CodeQL documentation

CodeQL library for Java and Kotlin

When you’re analyzing a Java/Kotlin program, you can make use of the large collection of classes in the CodeQL library for Java/Kotlin.


CodeQL analysis for Kotlin is currently in beta. During the beta, analysis of Kotlin code, and the accompanying documentation, will not be as comprehensive as for other languages.

About the CodeQL library for Java and Kotlin

There is an extensive library for analyzing CodeQL databases extracted from Java/Kotlin projects. The classes in this library present the data from a database in an object-oriented form and provide abstractions and predicates to help you with common analysis tasks.

The library is implemented as a set of QL modules, that is, files with the extension .qll. The module java.qll imports all the core Java library modules, so you can include the complete library by beginning your query with:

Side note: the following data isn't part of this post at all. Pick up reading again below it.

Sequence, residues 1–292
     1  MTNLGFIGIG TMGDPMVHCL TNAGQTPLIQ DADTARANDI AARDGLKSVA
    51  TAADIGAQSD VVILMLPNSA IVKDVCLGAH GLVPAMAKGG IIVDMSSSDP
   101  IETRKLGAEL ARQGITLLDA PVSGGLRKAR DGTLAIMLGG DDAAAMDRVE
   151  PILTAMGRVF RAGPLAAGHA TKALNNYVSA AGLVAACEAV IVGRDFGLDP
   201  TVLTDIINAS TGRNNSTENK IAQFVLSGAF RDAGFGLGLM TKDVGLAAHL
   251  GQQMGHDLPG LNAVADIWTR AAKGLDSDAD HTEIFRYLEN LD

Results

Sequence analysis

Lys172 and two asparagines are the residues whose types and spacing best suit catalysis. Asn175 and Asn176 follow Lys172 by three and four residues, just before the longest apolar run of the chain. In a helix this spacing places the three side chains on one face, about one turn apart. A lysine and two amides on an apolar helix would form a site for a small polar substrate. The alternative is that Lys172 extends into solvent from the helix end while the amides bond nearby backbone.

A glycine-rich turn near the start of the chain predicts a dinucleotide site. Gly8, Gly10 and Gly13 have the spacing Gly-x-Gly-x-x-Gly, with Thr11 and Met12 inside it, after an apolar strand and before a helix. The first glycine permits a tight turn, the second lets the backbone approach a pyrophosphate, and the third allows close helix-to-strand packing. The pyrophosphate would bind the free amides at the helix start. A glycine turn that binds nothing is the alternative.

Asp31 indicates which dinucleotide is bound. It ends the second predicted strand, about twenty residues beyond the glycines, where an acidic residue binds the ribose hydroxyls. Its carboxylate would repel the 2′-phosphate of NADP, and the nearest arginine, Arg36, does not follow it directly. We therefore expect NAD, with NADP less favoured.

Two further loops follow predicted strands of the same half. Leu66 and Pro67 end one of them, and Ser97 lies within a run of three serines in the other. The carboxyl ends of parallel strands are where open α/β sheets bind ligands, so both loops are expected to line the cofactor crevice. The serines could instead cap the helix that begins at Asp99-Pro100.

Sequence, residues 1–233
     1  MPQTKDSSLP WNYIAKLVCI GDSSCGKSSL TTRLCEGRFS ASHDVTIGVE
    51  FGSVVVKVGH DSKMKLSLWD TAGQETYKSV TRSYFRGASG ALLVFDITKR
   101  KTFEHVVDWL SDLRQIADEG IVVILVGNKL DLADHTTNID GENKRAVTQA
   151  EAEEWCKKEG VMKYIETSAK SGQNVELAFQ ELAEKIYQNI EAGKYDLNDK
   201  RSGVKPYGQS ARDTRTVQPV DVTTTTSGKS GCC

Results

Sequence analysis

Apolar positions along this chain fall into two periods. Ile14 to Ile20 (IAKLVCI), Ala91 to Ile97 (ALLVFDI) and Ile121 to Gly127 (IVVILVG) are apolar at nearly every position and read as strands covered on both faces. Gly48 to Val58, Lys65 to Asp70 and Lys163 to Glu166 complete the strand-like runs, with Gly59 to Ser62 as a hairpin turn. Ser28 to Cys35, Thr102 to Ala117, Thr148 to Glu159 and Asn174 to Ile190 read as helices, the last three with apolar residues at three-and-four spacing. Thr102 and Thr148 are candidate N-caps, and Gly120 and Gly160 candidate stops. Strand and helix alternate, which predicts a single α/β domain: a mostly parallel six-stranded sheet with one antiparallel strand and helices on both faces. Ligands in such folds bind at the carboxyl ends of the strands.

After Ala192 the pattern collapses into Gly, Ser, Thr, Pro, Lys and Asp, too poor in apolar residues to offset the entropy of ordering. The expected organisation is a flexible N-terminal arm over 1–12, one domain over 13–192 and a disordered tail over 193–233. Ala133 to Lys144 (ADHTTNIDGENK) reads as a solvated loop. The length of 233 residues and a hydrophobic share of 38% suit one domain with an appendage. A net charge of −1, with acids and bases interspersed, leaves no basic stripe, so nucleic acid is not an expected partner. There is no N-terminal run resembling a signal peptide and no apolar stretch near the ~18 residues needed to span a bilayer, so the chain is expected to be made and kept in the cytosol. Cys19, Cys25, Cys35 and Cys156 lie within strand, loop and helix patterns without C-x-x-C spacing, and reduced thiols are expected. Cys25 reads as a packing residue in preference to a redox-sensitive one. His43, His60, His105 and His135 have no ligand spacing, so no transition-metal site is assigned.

import java

The rest of this article briefly summarizes the most important classes and predicates provided by this library.


The example queries in this article illustrate the types of results returned by different library classes. The results themselves are not interesting but can be used as the basis for developing a more complex query. The other articles in this section of the help show how you can take a simple query and fine-tune it to find precisely the results you’re interested in.

Summary of the library classes

The most important classes in the standard Java/Kotlin library can be grouped into five main categories: